• In the "nuclear winter nightmare" segment, Sagan flies back to Earth after being away exploring space, only to find radio silence because everyone is dead.
    • Sagan comes to this conclusion when discussing relativistic travel.
      Sagan: In fact, if we slowly increase our speed to the speed of light, we can traverse our entire galaxy in 56 years. But we'd come back to find the earth burnt to a cinder and the sun long dead.
  • Cool Starship: Sagan's "spaceship of the imagination", used as a Framing Device for his explorations. It looks like a 3D lens flare from the outside.
    • It's intentionally designed to recall the dandelion from the above Book Ends.
  • Constantly Curious: Possibly the reason this show became so popular was its ability to be understood by children.
  • Eldritch Starship: The Ship of the Imagination. The inside looks pretty normal, just minimal—it has a chair, a viewscreen, a control console, and a video screen on the floor that Sagan activates with hand motions. The outside is shaped like a dandelion puff and glows like a lens flare.
  • Erudite Stoner: Sagan was an enthusiastic marijuana smoker and makes a reference to it in Episode 9, when describing the restoration of gravity upon removing it and its effects on tea and people in Alice's Adventures in Wonderland: "I've been to a couple of parties like that myself!"
  • Failed Future Forecast: In an earlier version of the "Blues for a Red Planet" episode, there was an afterword discussing the possibility of the U.S. and the Soviet Union teaming up to explore and colonize Mars, ending with a shot of the U.S. and Soviet flags in front of a Martian landscape.
  • Faster-Than-Light Travel: The possibility of this is discussed during the episode about relativity. Sagan's Framing Device spaceship is described to be completely unrestricted by the laws of physics so he can fully explore the universe.
  • Fling a Light into the Future: Sagan discusses the possibility of Earth's radio broadcasts reaching other civilizations. (Also a case of Aliens Steal Cable.)
  • Flower Motifs: Dandelion seeds.
  • Food Porn: The apple pie sequence at the beginning of "The Lives of the Stars".
  • Genre Roulette: The original series had an eclectic soundtrack incorporating classical music, world music and 1970s electronica. Because Sagan was the head of the committee to select music for the Voyager Golden Record, several of the tracks chosen for the record appear in Cosmos.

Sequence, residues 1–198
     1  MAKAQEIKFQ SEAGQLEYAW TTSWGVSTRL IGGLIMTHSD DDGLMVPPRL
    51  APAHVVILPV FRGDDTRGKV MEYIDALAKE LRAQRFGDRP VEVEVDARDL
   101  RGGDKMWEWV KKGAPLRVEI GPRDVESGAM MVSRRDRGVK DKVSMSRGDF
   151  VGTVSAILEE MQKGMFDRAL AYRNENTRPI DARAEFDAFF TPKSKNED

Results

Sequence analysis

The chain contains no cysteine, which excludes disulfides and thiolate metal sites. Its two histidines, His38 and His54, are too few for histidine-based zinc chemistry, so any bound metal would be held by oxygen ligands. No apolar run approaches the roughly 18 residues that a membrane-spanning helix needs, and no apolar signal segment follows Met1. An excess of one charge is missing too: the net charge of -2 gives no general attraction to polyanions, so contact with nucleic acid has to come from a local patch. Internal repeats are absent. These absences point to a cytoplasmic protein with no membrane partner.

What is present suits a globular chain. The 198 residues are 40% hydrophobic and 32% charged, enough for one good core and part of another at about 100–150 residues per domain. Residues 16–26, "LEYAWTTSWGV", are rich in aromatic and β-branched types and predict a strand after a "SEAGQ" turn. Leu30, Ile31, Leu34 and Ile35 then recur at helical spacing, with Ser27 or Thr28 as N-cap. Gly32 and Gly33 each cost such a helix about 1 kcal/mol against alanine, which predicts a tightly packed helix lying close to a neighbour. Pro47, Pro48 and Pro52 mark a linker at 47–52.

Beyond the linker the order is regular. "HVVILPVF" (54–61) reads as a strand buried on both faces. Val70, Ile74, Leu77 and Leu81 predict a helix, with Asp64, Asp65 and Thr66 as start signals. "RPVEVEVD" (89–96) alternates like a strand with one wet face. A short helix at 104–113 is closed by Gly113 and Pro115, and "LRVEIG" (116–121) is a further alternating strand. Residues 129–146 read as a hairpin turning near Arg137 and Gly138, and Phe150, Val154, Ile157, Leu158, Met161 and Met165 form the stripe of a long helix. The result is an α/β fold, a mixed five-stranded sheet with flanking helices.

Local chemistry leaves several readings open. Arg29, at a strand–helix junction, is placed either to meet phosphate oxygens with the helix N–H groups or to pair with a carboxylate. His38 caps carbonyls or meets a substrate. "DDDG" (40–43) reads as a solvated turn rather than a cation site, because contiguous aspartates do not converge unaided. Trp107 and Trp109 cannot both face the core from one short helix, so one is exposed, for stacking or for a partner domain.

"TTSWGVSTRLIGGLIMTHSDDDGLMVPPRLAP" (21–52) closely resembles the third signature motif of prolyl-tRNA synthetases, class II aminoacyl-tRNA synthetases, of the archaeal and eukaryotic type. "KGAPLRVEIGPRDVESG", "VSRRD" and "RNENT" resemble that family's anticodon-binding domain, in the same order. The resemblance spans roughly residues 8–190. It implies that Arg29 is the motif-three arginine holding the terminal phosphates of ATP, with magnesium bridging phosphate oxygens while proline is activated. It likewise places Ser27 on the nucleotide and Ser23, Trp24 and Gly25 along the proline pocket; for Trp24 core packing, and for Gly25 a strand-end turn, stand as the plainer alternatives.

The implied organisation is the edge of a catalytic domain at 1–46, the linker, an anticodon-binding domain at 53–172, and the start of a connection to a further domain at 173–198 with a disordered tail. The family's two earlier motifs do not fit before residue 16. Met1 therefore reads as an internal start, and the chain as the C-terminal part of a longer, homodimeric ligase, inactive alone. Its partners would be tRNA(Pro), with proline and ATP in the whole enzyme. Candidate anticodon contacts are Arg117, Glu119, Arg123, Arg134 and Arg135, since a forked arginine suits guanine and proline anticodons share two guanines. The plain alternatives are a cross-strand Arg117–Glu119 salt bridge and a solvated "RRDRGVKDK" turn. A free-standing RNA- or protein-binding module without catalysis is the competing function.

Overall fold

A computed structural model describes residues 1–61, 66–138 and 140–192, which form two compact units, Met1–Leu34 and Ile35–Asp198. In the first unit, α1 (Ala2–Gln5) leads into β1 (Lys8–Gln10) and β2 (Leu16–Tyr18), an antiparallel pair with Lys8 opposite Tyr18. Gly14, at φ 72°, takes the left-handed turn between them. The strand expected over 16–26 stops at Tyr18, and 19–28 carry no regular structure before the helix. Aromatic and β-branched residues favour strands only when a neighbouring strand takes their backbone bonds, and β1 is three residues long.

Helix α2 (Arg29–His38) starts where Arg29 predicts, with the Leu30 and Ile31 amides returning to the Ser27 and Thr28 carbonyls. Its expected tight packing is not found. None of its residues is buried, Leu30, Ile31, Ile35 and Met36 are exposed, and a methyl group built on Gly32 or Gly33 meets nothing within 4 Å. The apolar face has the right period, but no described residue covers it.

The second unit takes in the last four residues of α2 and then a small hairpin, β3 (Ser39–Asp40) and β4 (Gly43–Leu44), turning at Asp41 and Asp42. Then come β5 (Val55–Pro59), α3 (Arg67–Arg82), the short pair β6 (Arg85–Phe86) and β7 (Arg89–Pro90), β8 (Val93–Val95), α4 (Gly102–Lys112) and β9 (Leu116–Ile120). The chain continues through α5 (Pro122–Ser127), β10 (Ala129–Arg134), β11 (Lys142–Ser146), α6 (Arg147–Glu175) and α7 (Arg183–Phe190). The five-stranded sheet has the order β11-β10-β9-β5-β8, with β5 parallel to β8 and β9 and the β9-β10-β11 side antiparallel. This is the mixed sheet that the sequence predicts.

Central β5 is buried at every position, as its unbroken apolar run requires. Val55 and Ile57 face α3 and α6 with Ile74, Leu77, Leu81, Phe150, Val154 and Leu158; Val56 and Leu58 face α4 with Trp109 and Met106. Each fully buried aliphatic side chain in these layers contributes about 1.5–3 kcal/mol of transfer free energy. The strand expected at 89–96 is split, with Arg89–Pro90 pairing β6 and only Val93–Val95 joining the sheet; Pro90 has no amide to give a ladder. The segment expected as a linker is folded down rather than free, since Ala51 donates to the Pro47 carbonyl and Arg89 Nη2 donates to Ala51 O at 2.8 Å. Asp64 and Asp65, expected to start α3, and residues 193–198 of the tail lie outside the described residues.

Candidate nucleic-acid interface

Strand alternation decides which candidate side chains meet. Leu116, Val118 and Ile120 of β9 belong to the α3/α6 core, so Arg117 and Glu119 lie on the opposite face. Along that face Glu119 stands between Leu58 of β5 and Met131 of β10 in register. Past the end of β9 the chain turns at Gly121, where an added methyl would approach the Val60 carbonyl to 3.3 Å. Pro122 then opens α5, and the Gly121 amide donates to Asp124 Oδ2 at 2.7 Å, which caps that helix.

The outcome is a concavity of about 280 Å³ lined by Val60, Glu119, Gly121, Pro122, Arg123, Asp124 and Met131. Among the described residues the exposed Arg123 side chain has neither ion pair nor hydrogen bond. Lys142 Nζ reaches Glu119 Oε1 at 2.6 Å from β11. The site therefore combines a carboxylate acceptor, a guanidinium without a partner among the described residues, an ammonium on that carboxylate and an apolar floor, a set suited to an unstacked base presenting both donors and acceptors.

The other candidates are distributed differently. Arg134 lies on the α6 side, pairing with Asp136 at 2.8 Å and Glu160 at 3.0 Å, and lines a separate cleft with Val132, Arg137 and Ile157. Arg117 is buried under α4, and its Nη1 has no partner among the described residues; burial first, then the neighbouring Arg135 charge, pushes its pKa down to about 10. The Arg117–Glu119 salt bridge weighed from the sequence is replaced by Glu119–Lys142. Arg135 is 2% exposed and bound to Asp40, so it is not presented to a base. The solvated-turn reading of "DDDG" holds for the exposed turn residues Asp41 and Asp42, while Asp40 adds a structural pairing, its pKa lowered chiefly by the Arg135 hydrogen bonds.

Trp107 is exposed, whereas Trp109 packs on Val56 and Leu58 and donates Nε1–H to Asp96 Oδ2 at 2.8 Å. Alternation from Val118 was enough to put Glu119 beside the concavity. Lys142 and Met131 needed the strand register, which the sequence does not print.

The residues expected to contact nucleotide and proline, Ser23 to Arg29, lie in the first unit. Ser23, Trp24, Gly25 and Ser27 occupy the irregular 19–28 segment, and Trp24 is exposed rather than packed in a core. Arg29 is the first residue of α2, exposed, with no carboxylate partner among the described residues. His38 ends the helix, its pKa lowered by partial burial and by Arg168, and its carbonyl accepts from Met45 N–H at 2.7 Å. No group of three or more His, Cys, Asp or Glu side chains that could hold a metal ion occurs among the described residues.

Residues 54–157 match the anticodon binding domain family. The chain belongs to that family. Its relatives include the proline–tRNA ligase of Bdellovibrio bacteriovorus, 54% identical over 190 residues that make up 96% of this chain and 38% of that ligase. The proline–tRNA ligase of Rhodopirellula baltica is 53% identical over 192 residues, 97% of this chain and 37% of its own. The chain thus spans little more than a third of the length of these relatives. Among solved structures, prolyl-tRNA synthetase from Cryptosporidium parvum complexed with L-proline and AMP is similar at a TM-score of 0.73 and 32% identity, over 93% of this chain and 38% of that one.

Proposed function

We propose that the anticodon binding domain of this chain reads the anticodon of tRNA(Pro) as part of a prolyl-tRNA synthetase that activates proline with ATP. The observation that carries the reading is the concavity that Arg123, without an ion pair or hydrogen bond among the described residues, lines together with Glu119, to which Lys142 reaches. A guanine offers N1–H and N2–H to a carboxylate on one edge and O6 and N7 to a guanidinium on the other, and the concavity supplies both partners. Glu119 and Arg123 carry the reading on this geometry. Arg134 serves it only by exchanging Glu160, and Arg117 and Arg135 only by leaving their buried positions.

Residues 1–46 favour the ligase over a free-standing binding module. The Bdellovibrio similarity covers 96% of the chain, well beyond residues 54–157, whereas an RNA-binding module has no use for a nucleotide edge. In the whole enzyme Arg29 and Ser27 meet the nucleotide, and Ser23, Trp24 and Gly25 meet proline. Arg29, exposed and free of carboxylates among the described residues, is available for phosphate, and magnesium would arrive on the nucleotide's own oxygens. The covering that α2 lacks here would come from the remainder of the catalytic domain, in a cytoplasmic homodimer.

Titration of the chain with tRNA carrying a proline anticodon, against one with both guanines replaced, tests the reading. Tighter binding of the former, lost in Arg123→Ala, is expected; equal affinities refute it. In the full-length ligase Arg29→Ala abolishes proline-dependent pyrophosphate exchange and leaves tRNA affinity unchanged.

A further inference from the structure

• Gorgeous Period Dress: Elaborate historical reenactments depict the 12th century Battle of Dan-no-ura in Japan, Johannes Kepler's 16th century Germany, Christiaan Huygens' 17th century Netherlands, and Edwin Hubble in 1920s California.
  • Great Big Library of Everything: The virtual reproduction of the library at Alexandria, whose loss Sagan mourns as "self-inflicted radical brain surgery" for civilization as a whole.
  • Ghost Planet: Sagan theorizes about Mars in this manner before settling into the reality.
  • Hiroshima as a Unit of Measure: The combined explosive yield of all bombs dropped during World War II was about 1 megaton of TNT. As one episode pointed out, this is the warhead yield of a single, very small hydrogen bomb. If the U.S. and the Soviet Union engaged in a full-scale nuclear exchange, it would be like "A World War II every second, for the length of a lazy afternoon."
  • Holy Backlight: Applied to Sagan in the opening of the tenth episode, in a discussion of the concept of birth and its cultural implications.
  • Hot Librarian: According to contemporary reports, Hypatia, the last librarian at Alexandria.
  • Humans Through Alien Eyes: In "Who Speaks for Earth?" during the After the End scenario, Sagan wonders what the Encyclopedia Galactica would have to say about humans, and in the first episode he muses:
    "For an extra-terrestrial observer, the differences between the human cultures would seem trivial."
  • Jidaigeki: A recreation of the era when it's explored how the artificial selection of crabs happened due to a random resemblance to a fallen samurai.